learn the codebase by tackling some of these issues.
Do any of you have anything in particular in mind in this category?
Tending to new bug reports in the tracker is valuable. The ones marked
“ABR” came in via the automatic bug reporter from uncaught exceptions;
the ones assigned to “email@example.com” aren’t assigned to anyone,
that’s the catch-all address.
The ABR ones should have stack traces with them and will have the
exception type in the title. Just marking duplicates is helpful, even
if you can’t figure out the cause. Fixing these is a force multiplier:
unfixed, we’ll see lots more of them; fixed, they’ll stop coming in.
The ones which aren’t ABR bugs were entered manually, so in some cases
have sufficient description for reproducing them. (The ABR ones you
often have to reason about from the stack traces and the code.)
When I mark duplicates, I transfer over any contact email that was left
to the main bug, and I try to email all the reporters when a bug is
Kind of off-topic, but I use Jenkins at work and have had far fewer problems with it than with our other solution. I am curious about what makes it so miserable for you. Not looking for an opportunity to change your mind, but I find the angry rants of others to be educational sometimes (i.e. perhaps your problems paint a useful picture of things to avoid). Could I encourage you to post a rant (maybe as a private message if this is not an appropriate place)?
Thus spake tinjaw via messages:
I will veto any use of Jenkins. We use Jenkins in my day job, and it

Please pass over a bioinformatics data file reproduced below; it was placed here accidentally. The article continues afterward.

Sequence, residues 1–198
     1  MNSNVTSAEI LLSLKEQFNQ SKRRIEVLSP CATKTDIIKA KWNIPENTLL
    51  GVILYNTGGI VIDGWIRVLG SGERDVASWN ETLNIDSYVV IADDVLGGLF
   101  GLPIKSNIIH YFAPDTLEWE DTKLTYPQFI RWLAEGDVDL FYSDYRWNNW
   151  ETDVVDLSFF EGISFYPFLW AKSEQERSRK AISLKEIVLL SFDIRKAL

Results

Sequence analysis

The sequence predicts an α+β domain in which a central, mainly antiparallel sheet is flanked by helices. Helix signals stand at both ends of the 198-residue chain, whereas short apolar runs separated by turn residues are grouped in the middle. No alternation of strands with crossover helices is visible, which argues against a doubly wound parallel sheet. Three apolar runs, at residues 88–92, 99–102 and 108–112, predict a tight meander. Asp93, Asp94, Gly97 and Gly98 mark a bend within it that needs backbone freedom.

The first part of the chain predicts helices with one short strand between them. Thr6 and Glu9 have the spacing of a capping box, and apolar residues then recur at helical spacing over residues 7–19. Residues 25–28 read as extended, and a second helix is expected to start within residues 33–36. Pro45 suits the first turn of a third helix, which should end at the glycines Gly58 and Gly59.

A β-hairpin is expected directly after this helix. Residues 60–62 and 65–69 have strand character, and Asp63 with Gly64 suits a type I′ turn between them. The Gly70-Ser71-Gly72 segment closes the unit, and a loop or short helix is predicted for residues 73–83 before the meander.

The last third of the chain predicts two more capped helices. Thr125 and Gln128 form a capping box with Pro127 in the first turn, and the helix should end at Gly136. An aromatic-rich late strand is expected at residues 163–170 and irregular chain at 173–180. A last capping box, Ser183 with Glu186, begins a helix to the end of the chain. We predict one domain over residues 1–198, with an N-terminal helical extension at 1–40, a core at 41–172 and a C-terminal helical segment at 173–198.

been so miserable that I wish I’d never heard of it.
Kind of off-topic, but I use Jenkins at work and have had far fewer
problems with it than with our other solution. I am curious about what
makes it so miserable for you. Not looking for an opportunity to change
your mind, but I find the angry rants of others to be educational
sometimes (i.e. perhaps your problems paint a useful picture of things
to avoid). Could I encourage you to post a rant (maybe as a private
message if this is not an appropriate place)?
It’s a combination of things:
We have an authentication situation which seemeed supported, then we
found was only halfway supprorted, but we couldn’t change the setup
in which we had to work not to use it, so ended up fixing some plugin
bugs and writing some code…
We have a rather large DAG of projects we build; we want what’s built
for PRs to project A to be used by the build of downstream project B that
successful builds of A trigger… This seems like a natural thing to want
so that you can be sure upstream changes break nothing downstream… but
then you find that Jenkins has nothing for figuring out branch matching
in this kind of situation… so we ended up writing a lot of custom code
It seems that the Groovy inside Jenkins has some oddball differences from
real Groovy, which are just maddening trying to figure out empirically.
Jenkins in general has been an “attractive nuisance” at every step.
We set out to do something with Jenkins that appeared easy. Then we’d
fail to do it for several hours—but nonetheless, what we were trying
to do would STILL have the appareance of being easy. Jenkins has this
way of making it always look like you’re just about there, no matter
how long you’ve been fruitlessly bashing away at it.